Why tuples use parentheses ()'s instead of something else like <>'s?
aleaxit at yahoo.com
Fri Dec 31 01:09:13 CET 2004
Carl Banks <imbosol at aerojockey.com> wrote:
> Alex Martellix wrote:
> > I think a tiny minority of today's
> > architecture and sculpture can rightfully be compared with the
> > masterpieces of millennia past.
> Not that I disagree with your overall point, but I suspect a tiny
> minority of the architecture and sculpture from millenia past can be
> rightfully compared with the masterpieces of millenia past.
True. Most forgettable architecture has fortunately crumbled to
Still -- there's more of that from millennia past than one might think.
I was walking back from grocery shopping today (my daughter having
borrowed my car, I had to walk to the market and back), and I noticed a
new display in a familiar courtyard.
Finally, over 90 years after the original discoveries, they've built a
display showcase of the two major pre-Etruscan necropolises -- San
Vitale and Savena -- which were discovered before WW 1, when
urbanization was first done on the neighborhood I was born in, the same
place I currently live in.
About 3000 years ago, with little beyond dried mud (the Bologna region
was never rich in anything but clay, as building materials go -- and at
that time they didn't fire-bake clay into bricks, not regularly,
anyway), and wood long since rotten, some unknown, unsung architects put
together a small town for the dead, right below the sidewalks I thread
My breath was taken away by finally seeing some of their work on display
in its rightful place, my birthplace and residence, as opposed to the
museums (several blocks away) where it's generally gathering dust in.
Have you heard of Villanova, often named as the birthplace of Italian
civilization? That's about 15 km away, where I generally go for major
grocery shopping at a hypermarket when I _do_ have a car. San Vitale
and Savena were way older, more primitive, more essential -- no jewels
of gold and amber to gawp at, yet... the pre-Etruscans,
pre-Villanovians, still hadn't managed yet to get in gear with the
system of commerce and European- and Mediterranean-wide exhanges which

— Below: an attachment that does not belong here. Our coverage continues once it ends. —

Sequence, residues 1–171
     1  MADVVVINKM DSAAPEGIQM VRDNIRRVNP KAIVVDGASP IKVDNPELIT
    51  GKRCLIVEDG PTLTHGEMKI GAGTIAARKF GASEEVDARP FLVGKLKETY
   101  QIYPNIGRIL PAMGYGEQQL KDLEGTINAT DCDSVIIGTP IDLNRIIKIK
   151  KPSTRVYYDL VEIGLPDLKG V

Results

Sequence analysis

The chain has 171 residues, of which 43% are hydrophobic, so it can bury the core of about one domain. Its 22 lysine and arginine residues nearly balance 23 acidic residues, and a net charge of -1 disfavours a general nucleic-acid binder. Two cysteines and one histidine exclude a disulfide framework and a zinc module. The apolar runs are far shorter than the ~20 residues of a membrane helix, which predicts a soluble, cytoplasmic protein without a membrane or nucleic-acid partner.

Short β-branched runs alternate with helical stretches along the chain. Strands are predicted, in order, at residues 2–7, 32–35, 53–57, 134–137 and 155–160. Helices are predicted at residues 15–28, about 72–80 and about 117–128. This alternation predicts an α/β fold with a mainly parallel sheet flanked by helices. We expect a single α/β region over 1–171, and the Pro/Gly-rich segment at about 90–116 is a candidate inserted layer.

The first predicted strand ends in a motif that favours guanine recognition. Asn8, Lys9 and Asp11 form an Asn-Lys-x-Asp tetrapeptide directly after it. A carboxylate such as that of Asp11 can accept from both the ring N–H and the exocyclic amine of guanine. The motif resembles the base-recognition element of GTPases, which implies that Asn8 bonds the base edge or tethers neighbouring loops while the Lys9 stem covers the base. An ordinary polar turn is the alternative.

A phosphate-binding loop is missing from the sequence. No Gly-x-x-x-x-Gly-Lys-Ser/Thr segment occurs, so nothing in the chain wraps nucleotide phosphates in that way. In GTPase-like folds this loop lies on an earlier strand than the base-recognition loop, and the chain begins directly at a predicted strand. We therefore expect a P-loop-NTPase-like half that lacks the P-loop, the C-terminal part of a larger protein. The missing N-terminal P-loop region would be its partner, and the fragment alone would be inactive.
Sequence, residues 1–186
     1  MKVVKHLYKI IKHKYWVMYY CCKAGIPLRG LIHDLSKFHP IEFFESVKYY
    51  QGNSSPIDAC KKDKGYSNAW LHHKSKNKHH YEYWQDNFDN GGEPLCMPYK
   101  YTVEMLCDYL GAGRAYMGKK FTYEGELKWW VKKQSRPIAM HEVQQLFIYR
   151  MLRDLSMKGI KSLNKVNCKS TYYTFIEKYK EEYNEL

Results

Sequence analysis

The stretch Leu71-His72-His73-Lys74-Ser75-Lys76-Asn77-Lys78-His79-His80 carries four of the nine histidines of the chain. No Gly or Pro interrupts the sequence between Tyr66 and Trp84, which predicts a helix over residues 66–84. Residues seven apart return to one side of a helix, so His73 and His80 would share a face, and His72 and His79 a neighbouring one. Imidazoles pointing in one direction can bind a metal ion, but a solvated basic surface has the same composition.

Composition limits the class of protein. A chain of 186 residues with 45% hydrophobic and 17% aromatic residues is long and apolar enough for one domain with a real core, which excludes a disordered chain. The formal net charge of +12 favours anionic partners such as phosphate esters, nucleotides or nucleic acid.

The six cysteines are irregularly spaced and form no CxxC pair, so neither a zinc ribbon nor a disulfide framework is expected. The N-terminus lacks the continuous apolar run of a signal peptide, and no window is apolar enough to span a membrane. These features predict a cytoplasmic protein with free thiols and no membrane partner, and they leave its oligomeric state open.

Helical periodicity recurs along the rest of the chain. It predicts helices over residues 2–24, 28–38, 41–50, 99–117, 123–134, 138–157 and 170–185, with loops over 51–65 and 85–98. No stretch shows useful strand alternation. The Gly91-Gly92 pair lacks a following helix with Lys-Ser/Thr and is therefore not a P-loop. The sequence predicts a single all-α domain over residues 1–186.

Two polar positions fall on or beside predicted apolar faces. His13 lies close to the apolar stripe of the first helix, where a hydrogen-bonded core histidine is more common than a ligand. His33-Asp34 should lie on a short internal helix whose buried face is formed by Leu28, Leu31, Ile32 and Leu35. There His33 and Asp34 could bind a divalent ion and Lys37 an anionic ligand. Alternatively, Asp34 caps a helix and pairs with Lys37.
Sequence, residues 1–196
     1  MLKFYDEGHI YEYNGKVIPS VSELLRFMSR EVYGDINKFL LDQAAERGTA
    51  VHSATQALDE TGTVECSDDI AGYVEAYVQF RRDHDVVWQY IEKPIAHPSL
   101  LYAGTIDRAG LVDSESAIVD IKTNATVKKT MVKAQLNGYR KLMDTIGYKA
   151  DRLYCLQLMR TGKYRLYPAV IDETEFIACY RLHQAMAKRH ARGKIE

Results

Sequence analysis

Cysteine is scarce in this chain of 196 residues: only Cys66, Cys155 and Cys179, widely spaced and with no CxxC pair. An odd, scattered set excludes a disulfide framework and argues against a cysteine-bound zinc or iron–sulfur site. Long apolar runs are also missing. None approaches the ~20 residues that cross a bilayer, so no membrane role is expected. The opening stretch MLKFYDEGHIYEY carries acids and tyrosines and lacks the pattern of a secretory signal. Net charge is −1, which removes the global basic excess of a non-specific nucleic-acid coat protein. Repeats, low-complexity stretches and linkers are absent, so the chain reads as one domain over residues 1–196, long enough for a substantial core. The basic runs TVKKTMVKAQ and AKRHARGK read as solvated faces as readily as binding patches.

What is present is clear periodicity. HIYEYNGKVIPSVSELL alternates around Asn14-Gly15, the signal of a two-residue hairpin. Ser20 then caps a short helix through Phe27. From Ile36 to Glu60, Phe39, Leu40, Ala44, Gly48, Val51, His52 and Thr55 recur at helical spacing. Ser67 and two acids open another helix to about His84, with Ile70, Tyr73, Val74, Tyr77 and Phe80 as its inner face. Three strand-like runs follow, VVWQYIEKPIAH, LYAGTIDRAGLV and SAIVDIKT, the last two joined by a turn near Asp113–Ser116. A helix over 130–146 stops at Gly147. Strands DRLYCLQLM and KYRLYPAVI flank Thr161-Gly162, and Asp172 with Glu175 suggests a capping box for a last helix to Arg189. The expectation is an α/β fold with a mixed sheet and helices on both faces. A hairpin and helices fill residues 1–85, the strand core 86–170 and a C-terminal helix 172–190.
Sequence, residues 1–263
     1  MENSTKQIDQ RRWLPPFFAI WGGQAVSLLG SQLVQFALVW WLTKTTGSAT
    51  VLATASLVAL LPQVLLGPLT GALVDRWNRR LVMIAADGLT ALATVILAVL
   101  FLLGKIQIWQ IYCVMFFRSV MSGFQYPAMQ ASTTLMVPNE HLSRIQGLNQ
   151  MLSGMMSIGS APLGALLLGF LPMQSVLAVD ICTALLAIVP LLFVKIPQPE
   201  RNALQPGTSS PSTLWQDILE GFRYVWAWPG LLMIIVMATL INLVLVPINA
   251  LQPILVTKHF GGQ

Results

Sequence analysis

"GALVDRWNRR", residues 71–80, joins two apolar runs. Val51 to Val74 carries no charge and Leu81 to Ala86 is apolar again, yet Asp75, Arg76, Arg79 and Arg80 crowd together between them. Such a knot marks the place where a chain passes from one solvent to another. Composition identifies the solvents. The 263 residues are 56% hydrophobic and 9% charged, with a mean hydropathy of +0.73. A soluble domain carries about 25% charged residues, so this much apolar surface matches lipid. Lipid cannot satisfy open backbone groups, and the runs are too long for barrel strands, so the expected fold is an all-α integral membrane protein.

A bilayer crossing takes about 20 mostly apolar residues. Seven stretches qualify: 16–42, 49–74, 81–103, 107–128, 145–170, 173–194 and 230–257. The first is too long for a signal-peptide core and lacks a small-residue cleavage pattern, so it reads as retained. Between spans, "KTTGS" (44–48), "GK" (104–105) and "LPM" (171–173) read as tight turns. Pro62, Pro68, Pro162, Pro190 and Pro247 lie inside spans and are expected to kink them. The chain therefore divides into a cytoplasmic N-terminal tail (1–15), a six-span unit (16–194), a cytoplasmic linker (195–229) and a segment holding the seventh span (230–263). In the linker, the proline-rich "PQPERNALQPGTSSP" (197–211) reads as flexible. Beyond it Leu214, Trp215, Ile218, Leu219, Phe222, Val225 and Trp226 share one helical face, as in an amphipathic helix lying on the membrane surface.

later made Etruria the beacon of arts and culture. Within the
constraints of a still rather poor material culture, the necropolises of
Savena and San Vitale nevertheless exhibit the kind of limpid, geometric
symmetry, spiritual balance, and minimalistic play of emptiness and
fullness, that _defines_ worthwhile architecture to my soul...
How many more jewels like this one are still buried under the soil of
Italy (to name just one place, albeit a rather fecund one for that kind
of thing)? Nobody knows -- basically, every time you're excavating
something, be it to lay foundations for a warehouse or whatever, among
your risks as a developer is that the first few shovelfuls will reveal
*yet one more* previously unsuspected architectural and archeological
treasure, so that your development will be blocked and stalled for
years, decades, while the duly appointed officials salvage all that's
there. Why, even when you're restoring an already well-known
architectural masterpiece from the Renaissance, you STILL risk finding a
well-preserved marble amphitheater from Roman times that the Renaissance
architects used as part of their _foundations_... happened downtown in
Bologna just over 10 years ago -- and Bologna was a somewhat marginal
provincial town 2000 or so years ago: just imagine what it must be like
as you move southwards through Tuscany towards the heart of Roman
culture in Lazio...! ((Being Italian, I tend to focus on the way things
are here -- but I heard the projects to restore the city walls in
Instambul, aka Bizantium, came upon exactly the same kinds of problems
over the last 20+ years... Italy certainly has no monopoly on having
layers upon layers upon layers of great architecture and civilization!))
> Then again, millenia past didn't have Frank Gehry (i.e., the Perl of
> modern architecture).
Uhm -- I count the Guggenheim Museum in Bilbao among the _successes_ of
modern architecture... yes, it IS rich and redundant and wild and self
complacent... it _should_ be, much like (say) the Pantheon or Saint
Peter's in Rome, or Saint Nicholas in Prague (and other masterpieces of
Flaming Baroque, "Il Barocco di fiamma")... not ALL great art is
minimalistic and spare and understated! _Some_ of the time, an artist
manages to overwhelm you with perfect mastery of overflowing richness...
like, say, Bach's Matthauspassion's richness, wrt the spareness his Art
of the Fugue... all I'm saying is that material or formal constraints
can HELP art, not that they're necessarily _indispensable_ to it...
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